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Competitiveness and wages in the Eurozone

POSTED ON August 16th  - POSTED IN Labour & Wages
From rippedoffbritons.com

From rippedoffbritons.com

Martin Sandbu has a useful piece in the Financial Times entitled Free Lunch: getting real about competitiveness. It makes many points that we regularly make here: most fundamentally, that we should not confuse the competitiveness of companies with the so-called ‘competitiveness’ of countries. (To get a first sense of this, ponder the difference between a failed company and a failed state.)

Sandbu’s focus is not on ‘tax competitiveness‘ or on the ‘competitiveness’ of a country’s financial sector policies, but on exchange rate and wage issues, and the Eurozone. He describes the ‘conventional wisdom’ going like this: countries in the Eurozone with large trade deficits cannot adjust their currencies so they have to restore ‘competitiveness’ by driving down wages. Then he sets about challenging the conventional wisdom, on several fronts.

Wages and national competitiveness: getting real

POSTED ON August 16th  - POSTED IN Labour & Wages
From rippedoffbritons.com

From rippedoffbritons.com

Martin Sandbu has a useful piece in the Financial Times entitled Free Lunch: getting real about competitiveness. It makes many points that we regularly make here: most fundamentally, that we should not confuse the competitiveness of companies with the so-called ‘competitiveness’ of countries. (To get a first sense of this, ponder the difference between a failed company and a failed state.)

Sandbu’s focus is not on ‘tax competitiveness‘ or on the ‘competitiveness’ of a country’s financial sector policies, but on exchange rate and wage issues, and the Eurozone. He describes the ‘conventional wisdom’ going like this: countries in the Eurozone with large trade deficits cannot adjust their currencies so they have to restore ‘competitiveness’ by driving down wages. Then he sets about challenging the conventional wisdom, on several fronts.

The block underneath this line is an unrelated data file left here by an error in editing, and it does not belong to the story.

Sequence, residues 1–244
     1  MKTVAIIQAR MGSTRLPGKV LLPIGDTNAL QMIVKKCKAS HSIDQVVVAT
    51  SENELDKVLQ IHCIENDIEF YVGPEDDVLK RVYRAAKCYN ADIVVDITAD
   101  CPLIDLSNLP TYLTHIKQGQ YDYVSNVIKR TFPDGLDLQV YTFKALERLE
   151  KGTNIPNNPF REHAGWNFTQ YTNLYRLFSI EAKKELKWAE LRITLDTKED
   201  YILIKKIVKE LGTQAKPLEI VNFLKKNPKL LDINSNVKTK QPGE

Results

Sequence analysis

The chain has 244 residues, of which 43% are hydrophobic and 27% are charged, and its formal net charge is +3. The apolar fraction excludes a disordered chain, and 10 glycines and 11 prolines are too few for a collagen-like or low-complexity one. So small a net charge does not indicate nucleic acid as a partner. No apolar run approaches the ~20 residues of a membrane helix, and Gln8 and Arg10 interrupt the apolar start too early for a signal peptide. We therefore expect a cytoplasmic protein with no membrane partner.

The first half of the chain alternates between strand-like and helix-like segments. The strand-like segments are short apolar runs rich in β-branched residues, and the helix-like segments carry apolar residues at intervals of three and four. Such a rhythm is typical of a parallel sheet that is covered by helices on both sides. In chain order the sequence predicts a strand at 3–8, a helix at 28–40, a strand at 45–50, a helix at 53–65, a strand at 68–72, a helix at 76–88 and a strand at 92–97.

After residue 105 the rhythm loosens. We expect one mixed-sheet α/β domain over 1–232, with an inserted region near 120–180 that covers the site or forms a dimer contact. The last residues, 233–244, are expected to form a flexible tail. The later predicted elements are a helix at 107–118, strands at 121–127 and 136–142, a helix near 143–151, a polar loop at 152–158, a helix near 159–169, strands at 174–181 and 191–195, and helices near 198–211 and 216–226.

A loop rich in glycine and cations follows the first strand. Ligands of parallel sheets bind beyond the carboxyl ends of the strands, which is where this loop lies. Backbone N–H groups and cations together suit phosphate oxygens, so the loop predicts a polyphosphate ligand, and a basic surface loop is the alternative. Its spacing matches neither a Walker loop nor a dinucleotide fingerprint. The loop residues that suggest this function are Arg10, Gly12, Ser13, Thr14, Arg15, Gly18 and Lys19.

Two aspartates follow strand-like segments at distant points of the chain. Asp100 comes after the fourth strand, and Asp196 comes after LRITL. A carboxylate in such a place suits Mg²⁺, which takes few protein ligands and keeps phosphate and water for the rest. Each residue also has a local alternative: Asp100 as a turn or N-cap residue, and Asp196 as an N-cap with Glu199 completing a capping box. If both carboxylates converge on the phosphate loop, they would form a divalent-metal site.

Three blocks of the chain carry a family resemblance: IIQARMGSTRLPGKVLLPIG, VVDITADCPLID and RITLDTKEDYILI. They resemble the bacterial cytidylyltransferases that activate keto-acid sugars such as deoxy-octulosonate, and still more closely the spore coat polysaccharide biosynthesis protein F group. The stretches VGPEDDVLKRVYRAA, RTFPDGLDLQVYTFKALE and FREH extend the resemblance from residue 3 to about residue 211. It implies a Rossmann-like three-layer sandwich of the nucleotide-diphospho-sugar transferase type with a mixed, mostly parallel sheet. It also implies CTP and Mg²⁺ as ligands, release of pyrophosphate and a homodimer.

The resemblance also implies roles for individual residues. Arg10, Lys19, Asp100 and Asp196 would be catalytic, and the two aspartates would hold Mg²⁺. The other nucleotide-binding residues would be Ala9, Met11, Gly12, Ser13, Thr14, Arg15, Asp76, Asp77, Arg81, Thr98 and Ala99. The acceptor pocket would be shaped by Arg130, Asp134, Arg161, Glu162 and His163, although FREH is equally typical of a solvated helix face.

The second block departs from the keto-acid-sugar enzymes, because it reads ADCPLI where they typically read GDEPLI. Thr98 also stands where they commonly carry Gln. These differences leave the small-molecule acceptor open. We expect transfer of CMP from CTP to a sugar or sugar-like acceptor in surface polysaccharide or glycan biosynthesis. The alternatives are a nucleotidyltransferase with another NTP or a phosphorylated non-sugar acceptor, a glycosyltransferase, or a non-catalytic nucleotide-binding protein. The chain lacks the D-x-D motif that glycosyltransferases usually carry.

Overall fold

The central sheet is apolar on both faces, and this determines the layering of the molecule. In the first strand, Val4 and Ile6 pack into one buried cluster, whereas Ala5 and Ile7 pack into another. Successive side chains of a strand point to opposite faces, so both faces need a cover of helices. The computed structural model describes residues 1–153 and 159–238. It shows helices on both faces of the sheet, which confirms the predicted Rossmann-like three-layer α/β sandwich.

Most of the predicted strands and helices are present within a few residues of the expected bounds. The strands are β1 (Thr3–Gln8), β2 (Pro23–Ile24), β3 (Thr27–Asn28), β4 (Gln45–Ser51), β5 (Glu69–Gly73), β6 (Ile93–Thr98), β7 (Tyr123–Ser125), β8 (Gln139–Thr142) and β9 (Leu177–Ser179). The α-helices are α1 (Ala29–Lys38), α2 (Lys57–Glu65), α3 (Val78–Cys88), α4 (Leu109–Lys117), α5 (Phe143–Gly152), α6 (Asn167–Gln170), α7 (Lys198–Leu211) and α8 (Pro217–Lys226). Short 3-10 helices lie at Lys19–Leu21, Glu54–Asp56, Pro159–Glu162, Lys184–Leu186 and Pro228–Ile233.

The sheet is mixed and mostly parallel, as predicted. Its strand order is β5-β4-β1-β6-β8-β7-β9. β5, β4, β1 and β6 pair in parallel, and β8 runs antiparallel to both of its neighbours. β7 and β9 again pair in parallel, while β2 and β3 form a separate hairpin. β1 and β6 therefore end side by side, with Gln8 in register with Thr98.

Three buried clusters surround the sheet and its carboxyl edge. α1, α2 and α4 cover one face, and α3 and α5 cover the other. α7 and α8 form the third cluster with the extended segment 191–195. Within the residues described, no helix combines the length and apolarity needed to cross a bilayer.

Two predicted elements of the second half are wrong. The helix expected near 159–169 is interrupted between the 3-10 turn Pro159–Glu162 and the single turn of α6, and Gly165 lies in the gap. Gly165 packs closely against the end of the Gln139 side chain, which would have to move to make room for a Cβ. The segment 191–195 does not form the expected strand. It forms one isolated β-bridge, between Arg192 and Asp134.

Why the Competitiveness Agenda is likely to mean slower growth

POSTED ON October 2nd  - POSTED IN Blog, Labour & Wages, The Harms
Matthew Watson, Professor of Political Economy, University of Warwick

Matthew Watson, Professor of Political Economy, University of Warwick

Update: now re-published at Naked Capitalism.

The purveyors of the modern-day Competitiveness Agenda exhibit pronounced Panglossian tendencies. They see only positive things for everyone if their advice is followed. A ‘competitive’ economy will boast high levels of growth, they say, and the whole of society will benefit when the trickle-down effects impact on their lives.

As Matthew Watson argues, however, this Panglossian scenario elevates optimism over evidence. The modern-day Competitiveness Agenda can be turned on its head in the interests of a more progressive social settlement by exploring its fundamental anti-growth dynamics.

This post has been added to our relatively new page called The Harms which outline the range of different ways in which the Competitiveness Agenda tends to hurt those countries that practise it.

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The Anti-Growth Dynamics of the Competitiveness Agenda

By Matthew Watson

Labour standards and the race to the bottom

POSTED ON July 3rd  - POSTED IN Blog, Labour & Wages
Labour competition

From rippedoffbritons.com

From The Economist, in November 2013:

“Globalisation sceptics often warn of the pernicious effects on labour standards of international competition for investment. In the race for foreign business, the argument goes, countries cut back on regulation and enforcement of decent working conditions in order to lower labour costs.”

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